With glorious sunshine 325 days per year and epic scenery, Santa Fe is an outdoor enthusiast’s delight. With a location nestled below the Sangro de Cristo Mountains, it’s easy to start and maintain an active lifestyle in this thriving and vibrant city.
The area’s topography includes gentle foothills laced with distinctive vegetation thanks to the region’s arid climate. Four distinct seasons let residents take to the slopes for ski excursions in the mountains or raft through the rapids of several nearby water access points. From trails to hot springs, residents will always have opportunities to be active. Below are some of the best ways to spend your time outdoors in Santa Fe.
Hiking Picacho Peak Trail
The Picacho Peak Trail is a popular choice for those hoping to experience panoramic views of the city and its surrounding topography. It is part of the Dale Ball trail system, just outside of Santa Fe. Be sure to plan your hikes between June and October, when the moderate temperatures are more conducive to better footing and a comfortable hiking experience.
The trail ascends over 1,300 feet throughout its 3.9 miles, making it a rigorous journey for motivated climbers. Consider wearing shoes with spikes and bringing walking poles to navigate the bumpy terrain. The reward, however, comes in the form of spectacular views of Santa Fe.
Exploring Santa Fe Canyon Preserve
One of the best Santa Fe outdoor activities is wandering through the Santa Fe Canyon Preserve, a 525-acre site near the heart of downtown. Traverse along a 1.5-mile trail to take in this historic site's beautiful wildflowers and wildlife. You also will see the city’s Old Stone Dam, which was created to help facilitate water access for residents in the late 19th century.
Sitting within Santa Fe’s foothills, the Santa Fe Canyon Preserve delights visitors with cottonwood trees, beaver ponds, and an assortment of birds. Visitors can find written and audio guides detailing the types of fauna and historical landmarks they will encounter while exploring. Well-marked trails also connect to the Dale Ball trail system for those seeking to expand their hike.
Rafting the Rio Grande
When you want an electrifying afternoon in Santa Fe, plan a trip on the water. The Rio Grande River provides adventure seekers with whitewater rafting opportunities that will create memories for the whole family. While gentler parts of the river may only reach class II rapids, expect class IV rapids at some points on the journey. With helmets, life vests, and experienced guides leading the way, you can feel confident taking on the rapids.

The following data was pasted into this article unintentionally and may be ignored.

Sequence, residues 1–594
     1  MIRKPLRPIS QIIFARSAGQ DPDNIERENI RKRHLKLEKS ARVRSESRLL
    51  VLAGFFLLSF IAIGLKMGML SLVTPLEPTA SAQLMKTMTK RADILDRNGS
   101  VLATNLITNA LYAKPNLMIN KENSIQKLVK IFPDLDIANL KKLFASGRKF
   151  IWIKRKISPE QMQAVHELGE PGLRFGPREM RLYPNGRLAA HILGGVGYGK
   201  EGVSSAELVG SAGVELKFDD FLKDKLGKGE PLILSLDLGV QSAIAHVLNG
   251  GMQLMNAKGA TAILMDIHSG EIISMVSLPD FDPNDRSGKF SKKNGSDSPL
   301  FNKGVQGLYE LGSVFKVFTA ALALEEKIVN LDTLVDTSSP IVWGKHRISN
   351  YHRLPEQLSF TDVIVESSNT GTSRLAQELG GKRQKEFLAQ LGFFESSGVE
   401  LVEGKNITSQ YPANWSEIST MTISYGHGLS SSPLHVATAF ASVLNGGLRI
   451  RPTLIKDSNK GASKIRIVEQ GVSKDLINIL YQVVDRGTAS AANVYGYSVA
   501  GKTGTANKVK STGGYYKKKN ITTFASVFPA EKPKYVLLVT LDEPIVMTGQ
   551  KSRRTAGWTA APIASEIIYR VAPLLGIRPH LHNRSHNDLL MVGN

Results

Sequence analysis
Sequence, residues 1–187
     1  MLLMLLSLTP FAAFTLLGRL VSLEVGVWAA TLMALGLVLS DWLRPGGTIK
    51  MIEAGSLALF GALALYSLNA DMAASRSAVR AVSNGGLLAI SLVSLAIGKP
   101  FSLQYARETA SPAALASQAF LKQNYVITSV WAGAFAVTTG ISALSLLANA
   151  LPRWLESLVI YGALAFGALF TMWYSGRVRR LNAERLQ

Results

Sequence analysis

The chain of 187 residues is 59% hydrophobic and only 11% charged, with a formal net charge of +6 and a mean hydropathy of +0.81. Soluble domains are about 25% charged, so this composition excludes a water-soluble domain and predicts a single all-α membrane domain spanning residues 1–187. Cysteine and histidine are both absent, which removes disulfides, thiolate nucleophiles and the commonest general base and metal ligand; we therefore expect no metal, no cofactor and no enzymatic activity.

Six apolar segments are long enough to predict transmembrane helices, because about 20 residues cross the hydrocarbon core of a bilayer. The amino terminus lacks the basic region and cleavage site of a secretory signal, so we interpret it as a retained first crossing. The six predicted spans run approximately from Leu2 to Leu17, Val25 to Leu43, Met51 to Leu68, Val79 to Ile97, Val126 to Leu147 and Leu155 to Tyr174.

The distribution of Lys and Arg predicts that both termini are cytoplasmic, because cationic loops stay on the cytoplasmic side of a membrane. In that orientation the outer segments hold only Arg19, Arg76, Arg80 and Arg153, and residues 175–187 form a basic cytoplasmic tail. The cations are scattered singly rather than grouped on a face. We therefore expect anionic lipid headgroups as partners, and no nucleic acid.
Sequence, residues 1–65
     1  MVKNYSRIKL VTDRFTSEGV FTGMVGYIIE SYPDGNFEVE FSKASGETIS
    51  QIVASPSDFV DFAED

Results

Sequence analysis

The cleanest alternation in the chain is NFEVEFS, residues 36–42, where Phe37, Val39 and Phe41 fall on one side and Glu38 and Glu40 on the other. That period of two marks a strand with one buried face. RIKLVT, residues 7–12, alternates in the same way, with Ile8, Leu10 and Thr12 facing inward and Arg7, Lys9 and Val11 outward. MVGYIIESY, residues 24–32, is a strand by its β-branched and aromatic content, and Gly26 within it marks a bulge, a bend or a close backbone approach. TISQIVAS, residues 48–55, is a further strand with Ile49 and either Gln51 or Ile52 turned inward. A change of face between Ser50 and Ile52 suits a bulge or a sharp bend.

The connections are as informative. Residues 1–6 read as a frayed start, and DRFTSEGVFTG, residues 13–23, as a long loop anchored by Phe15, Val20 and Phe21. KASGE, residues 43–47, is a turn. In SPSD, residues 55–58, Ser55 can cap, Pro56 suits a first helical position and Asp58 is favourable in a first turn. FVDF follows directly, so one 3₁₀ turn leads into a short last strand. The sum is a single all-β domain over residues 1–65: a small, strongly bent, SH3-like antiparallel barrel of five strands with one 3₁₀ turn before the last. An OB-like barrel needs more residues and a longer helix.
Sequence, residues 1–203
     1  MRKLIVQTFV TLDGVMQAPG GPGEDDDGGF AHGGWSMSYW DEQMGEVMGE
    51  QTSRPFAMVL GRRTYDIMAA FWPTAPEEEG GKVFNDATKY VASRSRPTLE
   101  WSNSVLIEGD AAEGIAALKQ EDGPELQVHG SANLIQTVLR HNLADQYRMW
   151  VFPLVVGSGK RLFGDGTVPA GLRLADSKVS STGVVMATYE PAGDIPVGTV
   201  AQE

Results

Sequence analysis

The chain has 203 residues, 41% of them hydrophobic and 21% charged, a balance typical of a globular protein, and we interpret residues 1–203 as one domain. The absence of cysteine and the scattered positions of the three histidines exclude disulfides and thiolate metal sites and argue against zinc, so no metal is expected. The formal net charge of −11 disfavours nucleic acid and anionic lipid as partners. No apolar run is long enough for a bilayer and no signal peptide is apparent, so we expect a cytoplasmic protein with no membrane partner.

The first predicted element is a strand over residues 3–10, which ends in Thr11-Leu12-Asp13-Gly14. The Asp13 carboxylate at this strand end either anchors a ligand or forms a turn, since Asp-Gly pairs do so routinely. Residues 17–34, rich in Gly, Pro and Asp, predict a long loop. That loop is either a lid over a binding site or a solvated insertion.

You can also consider booking a kayaking trip. Steer your way through the Rio Grande’s rapids while gazing at the area’s beautiful surroundings. Lush vegetation, rock cliffs, and clear blue skies make trips on the water one of the best ways to enjoy northern New Mexico.
Visiting the La Tierra Trails
In the northwest corner of Santa Fe, you will find the La Tierra Trailhead. Spanning 25 miles, La Tierra is an extensive path open to walkers, equestrians, and cyclists. La Tierra is an easier alternative if hiking a trail with steep elevation changes is too rigorous. For a complete workout, the La Tierra Loop offers a 5.3-mile path within the network of trails.
With minimal elevation changes, you can pause to enjoy the scenery along this popular trail system. Bask in the Sangre de Cristo views and enjoy the aromatic juniper and pinyon trees as you trek through the rugged landscape. And if you want to enhance the level of adventure, you even can find a designated track along the trail that accommodates motorcycles.
Biking the Winsor Trail
Bikers will love heading out on the well-traveled Winsor Trailhead. Extending nine miles along streams and forests, this trail challenges cyclists with a climb to 11,000 feet. You will be flanked by aspen trees at various points in the trail while other portions open up to reveal meadows and canyons.
If you are traveling the trail on your bike, you will need to be mindful of the many hikers who populate the trail. Plan on encountering some water features, too. Multiple crossings over Tesuque Creek and other streams keep the scenery interesting, and you can find plenty of shade beneath the towering pine trees.
Hitting the Slopes at Ski Santa Fe
If you are in Santa Fe during winter, consider hitting the slopes. Ski Santa Fe is where you’ll experience the best runs without heading far from downtown Santa Fe. Located just 16 miles away, this resort provides 68 runs to keep guests cruising down miles of packed powder. Whether you are a beginner or a more experienced skier, you can find a well-maintained run to suit your abilities. And at an elevation of over 10,000 feet, you will be mesmerized by the beautiful views of the surrounding area.
Stay active in Santa Fe
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